Recruiters use social media to evaluate applicants so it’s really important to think of yourself as a brand and make sure that what they find is positive and professional. As with any brand, the first thing you need to determine is what brand you represent right now and what it is going to become. Know what your goals and aspirations are for your professional future. Ensure your brand has a consistent voice online that clearly represents these things and summarize it in a short sentence that you can use on all sites, for example “Graphic designer with a passion for quality” or “an innovative engineer who builds and creates”.

Clean Up Your Act

So, what is your current brand? Do a Google search on yourself and make sure you check the images too. Facebook is doing away with their feature that allows users to hide themselves from Facebook search results, so untag yourself from those slightly wild Ibiza pictures your friends posted on your wall and remove any of your own pictures that might give the wrong impression of what your self-brand is. Check the pages you’ve liked to make sure they properly represent your interests – both personal and professional, and unlike any that don’t represent you well.

Establishing Your Brand

• Use sites like Twitter, LinkedIn and a blog to establish your brand. Start with owing your name – everything should be in your own name rather than a pseudonym. Your university mates might have found your email address of studmuffin@gmail.com hilarious, but recruiters will not. Why not register your name as a domain on a site like names.co.uk, where you will also get a free email address so you can build your own website.

• Build your profile on LinkedIn. No job experience? No problem. Start with your education, achievements and interests. Were you prefect on the debating team or a star athlete at school? At university, what did you qualify in and write your thesis on? Did you win any awards or run the student newspaper? List any part time jobs you had too and don’t forget to mention that you built an orphanage in Africa during your gap year! It is about any skill and every skill you have, that will get you noticed. You can also, connect to your professors or advisors and ask them to provide a LinkedIn recommendation for you and establish yourself as a real go-getter from the get-go. All of these tips mentioned are actionable to get profiling your skills.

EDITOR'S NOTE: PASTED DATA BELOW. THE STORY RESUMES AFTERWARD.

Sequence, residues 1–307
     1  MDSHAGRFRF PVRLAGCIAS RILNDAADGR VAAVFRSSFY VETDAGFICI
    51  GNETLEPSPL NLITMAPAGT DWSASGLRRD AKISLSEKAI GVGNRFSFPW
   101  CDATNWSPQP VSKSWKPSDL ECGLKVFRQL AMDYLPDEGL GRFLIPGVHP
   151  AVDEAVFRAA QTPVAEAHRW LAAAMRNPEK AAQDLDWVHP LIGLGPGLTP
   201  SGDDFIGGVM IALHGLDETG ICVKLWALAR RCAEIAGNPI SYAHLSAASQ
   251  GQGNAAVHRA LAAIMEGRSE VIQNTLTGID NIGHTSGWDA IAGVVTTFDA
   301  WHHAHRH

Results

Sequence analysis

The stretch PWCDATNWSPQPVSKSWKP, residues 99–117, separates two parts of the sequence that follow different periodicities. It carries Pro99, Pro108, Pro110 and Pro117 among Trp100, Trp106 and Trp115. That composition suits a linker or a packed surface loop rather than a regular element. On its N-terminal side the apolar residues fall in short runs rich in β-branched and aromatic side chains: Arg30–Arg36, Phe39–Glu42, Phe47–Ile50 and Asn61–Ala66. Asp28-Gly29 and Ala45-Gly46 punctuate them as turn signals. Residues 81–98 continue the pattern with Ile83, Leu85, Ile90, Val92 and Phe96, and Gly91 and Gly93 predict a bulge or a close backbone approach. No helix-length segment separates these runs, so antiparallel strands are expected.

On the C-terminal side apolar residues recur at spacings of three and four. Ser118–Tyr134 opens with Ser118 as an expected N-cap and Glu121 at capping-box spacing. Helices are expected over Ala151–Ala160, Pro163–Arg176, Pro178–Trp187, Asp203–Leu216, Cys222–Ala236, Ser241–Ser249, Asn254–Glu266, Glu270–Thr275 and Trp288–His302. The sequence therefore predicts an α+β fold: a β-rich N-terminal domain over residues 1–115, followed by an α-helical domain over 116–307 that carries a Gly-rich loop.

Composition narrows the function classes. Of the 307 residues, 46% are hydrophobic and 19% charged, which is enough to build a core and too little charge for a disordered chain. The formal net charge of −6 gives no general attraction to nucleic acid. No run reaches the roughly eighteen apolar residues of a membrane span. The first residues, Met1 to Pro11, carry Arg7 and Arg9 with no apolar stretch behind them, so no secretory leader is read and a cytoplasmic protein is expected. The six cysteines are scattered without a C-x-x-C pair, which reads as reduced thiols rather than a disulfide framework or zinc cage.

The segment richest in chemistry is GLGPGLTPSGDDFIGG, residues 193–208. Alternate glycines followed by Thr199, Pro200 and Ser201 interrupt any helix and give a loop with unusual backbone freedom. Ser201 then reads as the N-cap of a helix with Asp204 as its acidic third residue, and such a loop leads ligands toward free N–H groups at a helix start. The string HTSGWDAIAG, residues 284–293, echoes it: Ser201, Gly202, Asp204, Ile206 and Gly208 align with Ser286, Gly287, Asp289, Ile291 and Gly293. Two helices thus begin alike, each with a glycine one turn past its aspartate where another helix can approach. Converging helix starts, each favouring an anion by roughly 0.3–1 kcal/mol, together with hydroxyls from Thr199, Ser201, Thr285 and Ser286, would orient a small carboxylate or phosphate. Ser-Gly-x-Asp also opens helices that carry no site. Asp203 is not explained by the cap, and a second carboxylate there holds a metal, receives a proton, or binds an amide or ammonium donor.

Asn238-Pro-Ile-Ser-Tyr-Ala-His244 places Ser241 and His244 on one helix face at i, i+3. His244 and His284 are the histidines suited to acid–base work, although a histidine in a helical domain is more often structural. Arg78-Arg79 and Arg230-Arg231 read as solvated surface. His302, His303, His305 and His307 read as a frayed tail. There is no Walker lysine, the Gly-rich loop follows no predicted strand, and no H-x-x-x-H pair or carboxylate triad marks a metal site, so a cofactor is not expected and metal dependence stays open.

• Use a blog to publish your thesis and any presentations you’ve made. There are so many easy-to-use blogging sites, WordPress and Blogger are two of the most popular. Create your own YouTube channel and provide links to any video presentations in your blog. Why not do a video CV telling employers why you would be an asset to their business and the experience you can contribute. When you think outside the box it sets you apart from the next person applying for the same job.

• Do create a profile on one of the personal branding sites, about.me or zerply.com or go the whole hog and build your own website to showcase any work you’ve done and make it an online CV that will really make you stand out from the crowd; try wix.com. Be sure to make it professional.

Building Your Network

• On Twitter, follow people who are leaders in your chosen field and that inspire you. For example, I have worked within engineering, science, business sales so there are many people I could target in different sectors such as technology or people such as entrepreneurs or a group of influencers in engineering news. Re-tweet their posts, and don’t be afraid to message people directly to ask professional questions. Get yourself noticed and network your skills.

• On LinkedIn, start by connecting to family and family friends then ask for introductions to people in their networks who work at companies and in industries where you would like to work. Post links to articles you’ve found interesting and add your own comments to start establishing your areas of interest and expertise.

Handy Hints For Social Media

• Post regular updates to all your social media profiles to keep the content fresh and current.

• Link all your social media profiles to each other.

• Get a decent headshot and use it across all your profiles.

But most importantly, get out there and get noticed for all the right reasons.

Author: Jenny is a graduate and freelance writer who has worked in scientific, business and Engineering Telegraph Jobs. With each job Jenny learnt how to brand herself in her niche roles and felt this helped with her job search.